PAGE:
At common law, force or fear had to precede or coincide with the theft in order for the crime to be robbery. If force or fear was used only in the escape, the crime was considered to be larceny because there was no force or fear in the taking. From the point of view of the danger involved, however, the escape creates as much risk as the taking, and the Model Penal Code (§ 222.1) and some states have dropped the requirement that force or fear must be used in the taking.

Taking from person or presence. The second common law requirement for robbery is that the taking be from the person or the immediate presence of the victim. Property is considered taken from the victim's person if it is taken from his hand or clothing or from a place where it was discarded while the victim was in flight from the robber. The victim's "presence" is considered to be his area of immediate control. Property is not generally found to be taken from the victim's person or presence if it is located some distance away. Consequently, if a victim held by a gunman directs by telephone that property in a remote warehouse be delivered to the gunman's confederate, the crime, under the traditional rule, is not robbery. Taking the real issue to be the use of force or fear, however, the Model Penal Code, the Theft Act, 1968, c. 60 (Great Britain), and a number of states have dropped the requirement that property be taken from the person or presence of the victim. This solves some problems but leaves open the question as to how close in time and place the use of force or fear must be to the taking for the crime to be robbery.

Larceny problems. Because larceny is a component of robbery, all the problems that exist in defining larceny are also problems in defining robbery. The common law rules that prevent the taking of real property or services from being larceny, for example, may also prevent the forcible taking of these things from being robbery. Similarly, since a taking that results from an erroneous but honest claim of ownership is not a theft because there is no intent to deprive the rightful owner, such a taking with force is not a robbery in most states because there is no theft.

If the older, more technical rules concerning larceny have been replaced with a single, more comprehensive concept of theft, there may be other problems. The wrongful failure to return borrowed property, for example, was not larceny under the older law but is included in many modern definitions. This raises the question as to whether a borrower who has wrongfully refused to return property commits a robbery if he threatens to beat up the owner for trying to recover his property. Similar questions may arise when the property was initially obtained by fraud or trickery and when force is used or threatened to keep the victim from regaining the property.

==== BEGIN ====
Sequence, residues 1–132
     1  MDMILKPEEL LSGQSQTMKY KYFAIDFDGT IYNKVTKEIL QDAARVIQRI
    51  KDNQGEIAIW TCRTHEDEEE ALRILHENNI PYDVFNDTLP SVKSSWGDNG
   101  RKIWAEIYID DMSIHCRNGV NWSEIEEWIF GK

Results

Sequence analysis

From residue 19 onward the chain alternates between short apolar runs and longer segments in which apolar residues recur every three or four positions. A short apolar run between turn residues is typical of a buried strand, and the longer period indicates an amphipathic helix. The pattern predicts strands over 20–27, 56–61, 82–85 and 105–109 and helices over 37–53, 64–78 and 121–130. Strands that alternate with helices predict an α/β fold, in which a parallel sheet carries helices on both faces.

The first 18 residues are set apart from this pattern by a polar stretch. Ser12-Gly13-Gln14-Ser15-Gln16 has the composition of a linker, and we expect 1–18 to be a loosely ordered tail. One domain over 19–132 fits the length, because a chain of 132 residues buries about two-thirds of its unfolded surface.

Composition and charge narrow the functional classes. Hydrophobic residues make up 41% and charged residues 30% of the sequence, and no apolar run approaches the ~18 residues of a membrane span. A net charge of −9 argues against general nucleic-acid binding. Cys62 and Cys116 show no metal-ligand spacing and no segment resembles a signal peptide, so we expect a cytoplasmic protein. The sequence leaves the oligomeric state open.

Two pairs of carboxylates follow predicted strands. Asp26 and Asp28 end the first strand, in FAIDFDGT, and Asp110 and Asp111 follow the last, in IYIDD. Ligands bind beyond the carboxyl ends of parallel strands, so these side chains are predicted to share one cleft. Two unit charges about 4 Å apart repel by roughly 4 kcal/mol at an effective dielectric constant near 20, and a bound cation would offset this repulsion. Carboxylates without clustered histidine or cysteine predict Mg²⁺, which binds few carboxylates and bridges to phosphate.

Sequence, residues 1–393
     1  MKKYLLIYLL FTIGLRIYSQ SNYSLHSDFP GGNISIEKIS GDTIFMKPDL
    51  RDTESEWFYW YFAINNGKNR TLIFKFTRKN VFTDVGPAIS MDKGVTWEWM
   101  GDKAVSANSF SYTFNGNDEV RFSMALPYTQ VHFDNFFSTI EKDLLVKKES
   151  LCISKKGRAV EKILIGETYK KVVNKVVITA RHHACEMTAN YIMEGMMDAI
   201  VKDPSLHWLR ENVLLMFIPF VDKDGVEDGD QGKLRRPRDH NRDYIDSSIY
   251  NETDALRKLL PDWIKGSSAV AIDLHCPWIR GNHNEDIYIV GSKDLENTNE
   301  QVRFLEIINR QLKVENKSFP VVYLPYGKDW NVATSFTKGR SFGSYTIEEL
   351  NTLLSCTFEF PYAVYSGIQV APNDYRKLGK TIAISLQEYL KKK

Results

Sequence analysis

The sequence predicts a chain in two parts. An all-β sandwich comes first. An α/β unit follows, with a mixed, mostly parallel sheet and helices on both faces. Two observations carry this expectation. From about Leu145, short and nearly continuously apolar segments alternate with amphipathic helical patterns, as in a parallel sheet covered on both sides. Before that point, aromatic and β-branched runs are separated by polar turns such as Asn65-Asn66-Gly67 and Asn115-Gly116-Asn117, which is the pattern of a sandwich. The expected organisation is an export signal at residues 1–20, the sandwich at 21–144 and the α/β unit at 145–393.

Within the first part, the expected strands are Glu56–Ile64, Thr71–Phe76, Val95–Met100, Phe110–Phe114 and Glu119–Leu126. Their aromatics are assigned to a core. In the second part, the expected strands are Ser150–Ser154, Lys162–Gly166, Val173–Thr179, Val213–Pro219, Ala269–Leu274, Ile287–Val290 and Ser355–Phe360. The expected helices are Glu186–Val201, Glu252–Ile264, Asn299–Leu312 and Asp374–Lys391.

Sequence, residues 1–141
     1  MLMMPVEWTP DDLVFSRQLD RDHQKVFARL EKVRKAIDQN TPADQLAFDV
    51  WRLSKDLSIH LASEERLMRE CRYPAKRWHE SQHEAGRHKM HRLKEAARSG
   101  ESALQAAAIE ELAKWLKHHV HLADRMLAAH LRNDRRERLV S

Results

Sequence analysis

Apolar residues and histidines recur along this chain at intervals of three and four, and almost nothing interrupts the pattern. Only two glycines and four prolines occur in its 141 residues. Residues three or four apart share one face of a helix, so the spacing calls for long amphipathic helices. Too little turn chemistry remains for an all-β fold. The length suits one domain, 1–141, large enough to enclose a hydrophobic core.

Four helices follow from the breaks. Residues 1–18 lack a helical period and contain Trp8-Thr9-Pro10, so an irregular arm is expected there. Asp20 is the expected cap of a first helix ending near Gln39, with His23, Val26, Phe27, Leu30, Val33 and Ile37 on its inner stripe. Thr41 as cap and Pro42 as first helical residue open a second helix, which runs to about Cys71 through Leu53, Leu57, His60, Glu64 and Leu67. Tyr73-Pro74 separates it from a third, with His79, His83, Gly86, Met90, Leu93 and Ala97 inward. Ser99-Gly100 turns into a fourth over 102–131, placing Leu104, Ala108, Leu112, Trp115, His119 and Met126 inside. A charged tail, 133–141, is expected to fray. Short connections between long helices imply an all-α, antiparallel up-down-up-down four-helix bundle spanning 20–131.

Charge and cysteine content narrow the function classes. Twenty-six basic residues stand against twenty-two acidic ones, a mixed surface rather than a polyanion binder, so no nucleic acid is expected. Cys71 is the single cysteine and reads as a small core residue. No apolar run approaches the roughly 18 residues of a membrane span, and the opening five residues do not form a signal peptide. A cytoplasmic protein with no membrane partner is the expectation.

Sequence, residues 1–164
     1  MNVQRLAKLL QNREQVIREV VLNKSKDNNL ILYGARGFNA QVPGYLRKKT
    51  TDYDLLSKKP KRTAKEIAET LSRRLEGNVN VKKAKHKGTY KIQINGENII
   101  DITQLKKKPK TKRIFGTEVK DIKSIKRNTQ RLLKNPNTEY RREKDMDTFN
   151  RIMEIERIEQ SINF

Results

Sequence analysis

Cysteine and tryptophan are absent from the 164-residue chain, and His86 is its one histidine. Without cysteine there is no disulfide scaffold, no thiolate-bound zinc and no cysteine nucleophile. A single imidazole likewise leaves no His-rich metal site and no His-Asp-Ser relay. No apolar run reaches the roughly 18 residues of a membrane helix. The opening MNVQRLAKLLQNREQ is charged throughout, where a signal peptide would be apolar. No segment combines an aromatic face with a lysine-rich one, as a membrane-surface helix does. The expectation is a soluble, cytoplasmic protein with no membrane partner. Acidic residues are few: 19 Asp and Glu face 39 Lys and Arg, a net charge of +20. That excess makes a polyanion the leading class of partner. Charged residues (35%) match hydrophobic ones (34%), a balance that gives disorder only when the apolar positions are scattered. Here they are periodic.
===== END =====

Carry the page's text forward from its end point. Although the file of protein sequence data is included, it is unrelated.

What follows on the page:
Unlike burglary but like other common law thefts, robbery requires that property actually be taken by the offender. If force or fear is employed but property not taken, there may be an assault or an attempted robbery, but at common law and in most states there is no robbery. The Model Penal Code and the statutes of some states have recognized that the harm to the person is the same whether the theft is completed or not, and have defined the crime to include the incomplete theft as well as the completed one.

Aggravated robbery. Many statutes provide stiffer penalties for particularly threatening robberies. Some factors that aggravate robbery in this way are use of a dangerous weapon, infliction of serious bodily harm, intent to kill, the presence of accomplices, or the choice of an especially vulnerable target such as a person on a train or bus, or an elderly person. In many of the newer criminal codes some of these same factors now serve as aggravating factors for crimes in general, as well as specific aggravating factors for robbery. This overlap sometimes raises the question as to whether the presence of an aggravating factor such as the use of a gun should result in one additional penalty or two—as aggravation under the robbery statute only, or under both the robbery statute and the general law.

Robbery is generally viewed as a crime against the person threatened. Consequently, if there is more than one victim, many states allow multiple charges to be filed and multiple sentences to be imposed.